We generate excessive cash flow over and above our needs to continue growing our current business and we’re always looking to put that capital to work for the benefit of our shareholders in a way that generates the highest rate of return possible. And right now it appears as if there are opportunities to do that by making investments in a sector that we are bullish on and we think we know very well.

In terms of specifics regarding whether these are kind of tuck in investments or if they’re separate division, if you will, I think there’s opportunities for both types of investments. So, I wouldn’t limit it to one or the other. I think both are possible and we see some targets that kind of look interesting on both fronts.

Operator

Your next question comes from Brandon Dobell – William Blair & Company.

Brandon Dobell – William Blair & Company

I was wondering if you could address where you are headcount wise with the reps and perhaps what kind of assumptions you embedding in the 2012 commentary about either rep headcount or rep productivity?

Kevin M. Modany

We’re about 20% down year-over-year on rep headcount as of September 30, somewhere in that range. In terms of looking forward, we haven’t projected any kind of material changes there. The productivity increase we’ve seen this quarter over the prior year leads us to think that we’re probably looking at the same level of productivity. If there’s some upside there that’s great, but we’re not modeling that in. 20% down, probably similar levels in ’12, productivity being consistent.

Operator

Your next question comes from George Tong – Piper Jaffray.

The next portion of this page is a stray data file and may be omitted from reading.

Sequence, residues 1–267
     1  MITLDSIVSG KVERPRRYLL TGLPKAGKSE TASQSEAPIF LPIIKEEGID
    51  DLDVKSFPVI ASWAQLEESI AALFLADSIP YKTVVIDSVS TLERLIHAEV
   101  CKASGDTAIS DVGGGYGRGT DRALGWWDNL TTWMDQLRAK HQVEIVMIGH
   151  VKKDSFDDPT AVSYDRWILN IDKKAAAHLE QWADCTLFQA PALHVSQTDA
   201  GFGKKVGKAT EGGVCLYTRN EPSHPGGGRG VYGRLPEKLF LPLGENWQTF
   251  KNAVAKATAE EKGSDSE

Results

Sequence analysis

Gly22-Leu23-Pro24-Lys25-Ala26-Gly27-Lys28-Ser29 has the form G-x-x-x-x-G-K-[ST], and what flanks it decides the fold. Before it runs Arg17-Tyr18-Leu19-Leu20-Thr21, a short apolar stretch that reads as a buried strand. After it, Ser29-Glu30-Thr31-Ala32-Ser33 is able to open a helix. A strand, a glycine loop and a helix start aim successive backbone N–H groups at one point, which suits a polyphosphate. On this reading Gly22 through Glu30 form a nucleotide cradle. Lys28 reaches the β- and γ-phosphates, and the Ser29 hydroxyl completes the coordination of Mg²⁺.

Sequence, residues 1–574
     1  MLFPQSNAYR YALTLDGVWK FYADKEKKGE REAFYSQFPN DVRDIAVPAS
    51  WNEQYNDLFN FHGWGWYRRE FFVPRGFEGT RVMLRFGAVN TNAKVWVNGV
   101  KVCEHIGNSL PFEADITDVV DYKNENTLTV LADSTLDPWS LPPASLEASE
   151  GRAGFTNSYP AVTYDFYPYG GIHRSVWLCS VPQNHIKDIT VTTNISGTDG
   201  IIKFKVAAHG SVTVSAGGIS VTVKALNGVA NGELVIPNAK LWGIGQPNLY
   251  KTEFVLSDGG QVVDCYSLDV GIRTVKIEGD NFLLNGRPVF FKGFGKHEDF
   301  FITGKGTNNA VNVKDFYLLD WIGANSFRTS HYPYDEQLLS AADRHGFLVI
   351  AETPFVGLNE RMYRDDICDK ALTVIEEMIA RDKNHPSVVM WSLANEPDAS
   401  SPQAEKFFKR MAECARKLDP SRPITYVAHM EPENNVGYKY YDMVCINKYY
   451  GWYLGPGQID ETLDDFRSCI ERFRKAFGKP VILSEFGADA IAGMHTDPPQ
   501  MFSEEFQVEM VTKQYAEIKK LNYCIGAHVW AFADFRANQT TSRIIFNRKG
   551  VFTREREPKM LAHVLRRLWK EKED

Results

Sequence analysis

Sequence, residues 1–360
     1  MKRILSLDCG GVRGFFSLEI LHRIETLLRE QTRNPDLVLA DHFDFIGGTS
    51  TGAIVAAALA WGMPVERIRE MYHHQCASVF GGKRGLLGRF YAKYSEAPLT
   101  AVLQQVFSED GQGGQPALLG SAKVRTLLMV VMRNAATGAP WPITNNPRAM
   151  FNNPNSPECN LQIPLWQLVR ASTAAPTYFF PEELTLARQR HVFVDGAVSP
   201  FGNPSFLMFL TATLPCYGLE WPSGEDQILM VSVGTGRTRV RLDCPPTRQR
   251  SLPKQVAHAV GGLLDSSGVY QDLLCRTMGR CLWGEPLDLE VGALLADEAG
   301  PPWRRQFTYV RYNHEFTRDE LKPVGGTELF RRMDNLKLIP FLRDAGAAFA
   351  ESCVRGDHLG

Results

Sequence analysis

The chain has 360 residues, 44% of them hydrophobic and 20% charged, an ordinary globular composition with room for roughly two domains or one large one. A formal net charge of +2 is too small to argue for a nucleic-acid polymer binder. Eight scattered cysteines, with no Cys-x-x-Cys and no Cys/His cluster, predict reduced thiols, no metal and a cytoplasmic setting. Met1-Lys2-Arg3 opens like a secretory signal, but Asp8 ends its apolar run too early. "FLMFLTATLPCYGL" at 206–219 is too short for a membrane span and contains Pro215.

George Tong – Piper Jaffray

I know you touched on this earlier but could you give us some more color on admission counselor productivity? Specifically, whether you expect productivity will be a headwind or a tailwind in starts performance in 2012? Then, briefly could you give us some details on what drove the year-over-year increase in cost of educational services this quarter and what your expectations are going forward?

Kevin M. Modany

In terms of rep productivity, we mentioned in the prepared comments that we saw an increase in productivity. It is measured by starts per representative, some of that being driven by the fact that there were some changes in the advertising strategy that improved qualitatively the perspective student inquiry mix. As far as what we’re expecting for ’12 headwinds or tailwinds, we’re not expecting much change at all to be honest with you. We haven’t modeled in any improvement or any degradation in terms of the performance of those individuals. So the model just assumes consistency of performance consistent with what we’ve seen in the third quarter.

Daniel M. Fitzpatrick

As far as Ed services, the primary difference year-over-year is going to be the fact that we are now in the default prevention business in a big way. That’s a cost that we did not incur before 2011. And also the fact that we’ve got a number of new locations that we opened this year that wouldn’t be baked into last year’s numbers. Those are the two primary differences, if you will, year-over-year.

Operator

Your next question comes from Scott Schneeberger – Oppenheimer & Co.

Scott Schneeberger – Oppenheimer & Co.

Looking at it next year, to the extent you care to share, any discussion with regard to new locations? And along that same ilk of next year, how should we be thinking about graduation and persistence rates?

Kevin M. Modany

In terms of new locations for 2012, I would say a great deal of specificity is included in our 2012 modeling with regard to that. You can anticipate somewhere between eight and 10 new locations. But from our perspective, really our team, the development team and the real estate group, they’re working on 2013 and beyond. So obviously, you’ve got to be ahead of this. But, eight to 10 is a good expectation in terms of new locations or that component of our strategic growth plan.

In terms of graduation and persistence rates for 2012, we’re not modeling at this point any major improvements there. Although, we’ve seen in the last quarter or two some improvements in retention so there might be a little bit of an upside there. But, the model includes pretty much a status quo persistence, retention and graduation consistent with what we’ve experienced recently.